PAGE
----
Bad Job Experiences: How To Raise Your Self-Esteem & Recover

Career development Mar 16, 2021

Most of us may have had bad work experiences, either because the boss was toxic or we ended up making coffee for our colleagues instead of being one of the team's primary members.

Our job significantly affects our whole life. Self-esteem and confidence are shaken due to a traumatizing and uncomfortable work environment.

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This feeling doesn't stay only at work since the unpleasant experiences can be brought at home, leisure time, or anything else that has to do with your personal life.

And then you make the brave decision to escape this situation!

What are your next steps?

For sure, you shouldn't look for a new job to cure your wounds. Getting a new position doesn't mean your mindset will change dramatically since you need time to "heal" yourself.

Follow the steps below to start a recovery process, raise your confidence, and eliminate the negativity your previous job caused to avoid poisoning the new opportunities.

5 Steps to Recover from a Bad Job Experience

Recovering after emerging from an abusive environment may be difficult, but also possible. It takes time, but with deliberate actions and specific steps, you can start "picking up the pieces".

Step #1: Show Yourself Kindness

Treat yourself with love and kindness, and acknowledge your values. You should always have a moment to "breath" and relax. Scale back your responsibilities and focus on your self-care.

Take time to think about any wrong decision you made and be as compassionate to yourself as you can to repel any sign of criticism.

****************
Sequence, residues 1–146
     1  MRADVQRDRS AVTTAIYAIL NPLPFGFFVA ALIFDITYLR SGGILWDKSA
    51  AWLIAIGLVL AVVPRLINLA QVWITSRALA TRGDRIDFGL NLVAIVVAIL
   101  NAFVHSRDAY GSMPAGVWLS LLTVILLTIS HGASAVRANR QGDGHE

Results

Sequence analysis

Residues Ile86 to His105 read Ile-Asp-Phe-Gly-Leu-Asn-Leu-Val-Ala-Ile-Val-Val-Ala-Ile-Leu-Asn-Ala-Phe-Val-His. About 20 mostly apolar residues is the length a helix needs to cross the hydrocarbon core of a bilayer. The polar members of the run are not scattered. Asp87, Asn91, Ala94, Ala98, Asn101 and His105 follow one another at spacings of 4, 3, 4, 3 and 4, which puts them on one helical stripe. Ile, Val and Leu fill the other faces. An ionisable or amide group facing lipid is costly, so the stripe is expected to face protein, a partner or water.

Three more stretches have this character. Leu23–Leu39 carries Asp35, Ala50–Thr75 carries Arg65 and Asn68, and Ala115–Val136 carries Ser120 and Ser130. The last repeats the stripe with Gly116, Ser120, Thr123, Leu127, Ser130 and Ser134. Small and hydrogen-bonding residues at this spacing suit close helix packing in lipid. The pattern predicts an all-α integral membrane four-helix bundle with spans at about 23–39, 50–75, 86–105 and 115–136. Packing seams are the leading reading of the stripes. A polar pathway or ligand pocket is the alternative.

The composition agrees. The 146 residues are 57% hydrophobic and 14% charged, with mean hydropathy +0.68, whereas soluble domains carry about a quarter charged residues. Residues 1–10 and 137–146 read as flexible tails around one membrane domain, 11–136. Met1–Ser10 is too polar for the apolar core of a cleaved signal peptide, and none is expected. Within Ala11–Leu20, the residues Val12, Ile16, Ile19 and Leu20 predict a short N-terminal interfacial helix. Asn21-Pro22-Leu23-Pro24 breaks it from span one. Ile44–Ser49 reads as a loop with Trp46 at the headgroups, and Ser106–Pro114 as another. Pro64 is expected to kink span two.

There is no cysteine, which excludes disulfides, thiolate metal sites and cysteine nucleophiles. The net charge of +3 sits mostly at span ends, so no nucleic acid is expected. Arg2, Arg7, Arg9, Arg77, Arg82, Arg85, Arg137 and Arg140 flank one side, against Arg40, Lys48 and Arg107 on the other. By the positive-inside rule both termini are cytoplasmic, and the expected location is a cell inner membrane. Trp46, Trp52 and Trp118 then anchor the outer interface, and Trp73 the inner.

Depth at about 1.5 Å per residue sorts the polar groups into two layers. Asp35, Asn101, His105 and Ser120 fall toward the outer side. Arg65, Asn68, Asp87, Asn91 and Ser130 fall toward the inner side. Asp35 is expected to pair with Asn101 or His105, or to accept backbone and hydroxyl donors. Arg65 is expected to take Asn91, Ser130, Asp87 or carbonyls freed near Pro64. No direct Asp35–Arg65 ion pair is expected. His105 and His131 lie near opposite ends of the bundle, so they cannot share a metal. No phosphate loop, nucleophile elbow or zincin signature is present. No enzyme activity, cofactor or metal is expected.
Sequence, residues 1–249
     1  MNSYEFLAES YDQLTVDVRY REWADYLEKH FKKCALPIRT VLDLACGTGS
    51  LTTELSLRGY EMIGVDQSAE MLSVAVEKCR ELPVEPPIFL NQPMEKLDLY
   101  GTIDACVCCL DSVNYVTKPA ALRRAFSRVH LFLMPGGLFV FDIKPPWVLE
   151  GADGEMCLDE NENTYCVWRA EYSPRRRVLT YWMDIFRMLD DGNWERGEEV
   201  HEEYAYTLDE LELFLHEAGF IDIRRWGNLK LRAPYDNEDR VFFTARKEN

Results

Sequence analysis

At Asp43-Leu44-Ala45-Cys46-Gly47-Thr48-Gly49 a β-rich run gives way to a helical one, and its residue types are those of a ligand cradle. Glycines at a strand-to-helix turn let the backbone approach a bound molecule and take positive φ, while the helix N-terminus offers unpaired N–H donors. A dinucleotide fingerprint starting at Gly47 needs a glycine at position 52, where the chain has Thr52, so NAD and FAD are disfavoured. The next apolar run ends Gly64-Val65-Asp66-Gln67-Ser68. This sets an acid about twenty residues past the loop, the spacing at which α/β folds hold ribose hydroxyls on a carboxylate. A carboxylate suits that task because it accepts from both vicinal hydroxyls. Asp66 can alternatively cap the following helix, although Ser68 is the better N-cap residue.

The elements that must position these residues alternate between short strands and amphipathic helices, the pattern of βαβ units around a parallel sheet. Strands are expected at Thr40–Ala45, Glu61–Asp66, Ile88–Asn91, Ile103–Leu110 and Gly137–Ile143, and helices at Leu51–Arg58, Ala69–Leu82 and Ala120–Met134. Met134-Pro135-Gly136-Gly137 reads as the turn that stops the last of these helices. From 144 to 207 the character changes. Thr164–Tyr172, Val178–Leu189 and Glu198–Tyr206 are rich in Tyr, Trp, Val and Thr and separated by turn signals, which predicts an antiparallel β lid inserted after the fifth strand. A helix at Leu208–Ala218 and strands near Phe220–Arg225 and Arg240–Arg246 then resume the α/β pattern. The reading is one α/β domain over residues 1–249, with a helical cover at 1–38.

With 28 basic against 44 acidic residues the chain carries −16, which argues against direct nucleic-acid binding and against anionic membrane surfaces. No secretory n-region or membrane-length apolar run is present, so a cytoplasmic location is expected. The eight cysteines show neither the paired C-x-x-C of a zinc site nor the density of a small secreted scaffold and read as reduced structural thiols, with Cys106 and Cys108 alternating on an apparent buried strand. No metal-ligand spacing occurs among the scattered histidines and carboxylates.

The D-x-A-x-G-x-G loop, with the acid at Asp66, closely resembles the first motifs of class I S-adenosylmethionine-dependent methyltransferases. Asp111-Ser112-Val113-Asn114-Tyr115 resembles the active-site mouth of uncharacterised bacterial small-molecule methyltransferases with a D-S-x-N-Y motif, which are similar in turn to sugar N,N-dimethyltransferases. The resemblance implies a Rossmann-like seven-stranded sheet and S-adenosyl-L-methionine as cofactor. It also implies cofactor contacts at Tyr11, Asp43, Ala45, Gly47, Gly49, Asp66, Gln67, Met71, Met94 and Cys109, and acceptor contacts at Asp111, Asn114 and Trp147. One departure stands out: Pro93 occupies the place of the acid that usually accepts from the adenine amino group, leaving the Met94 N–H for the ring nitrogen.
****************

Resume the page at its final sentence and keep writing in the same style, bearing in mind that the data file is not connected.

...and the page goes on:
Step #2: Dare to Level Down

Most of the time, we consider leaving a job, even a terrible one, as a personal failure.

That's because we define ourselves through our job positions/ titles.

However, after a bad experience, we should recall the person we used to be, level down our job goals for a while, and return to an earlier stage.

A new hobby/ interest rather than immediately searching for a new job would always give us the time to drive away any bad habit we adopted due to the previous experience and allow ourselves to recover.

Step #3: Improve Your Self-assessment

Practice positive self-talking.

Act like an outside observer and evaluate yourself.

In case you spot a lot of self-deprecating comments, or you tend to undermine your abilities, you have to practice rewarding yourself and starting to deflect credits for your accomplishments.

Push the negativity away and give space for more confidence and self-knowledge.

You can also make an online "Free Strengths Test" and study your results.

It immediately improves your confidence and self-worth.

Step #4; Examine & Focus on Your Strengths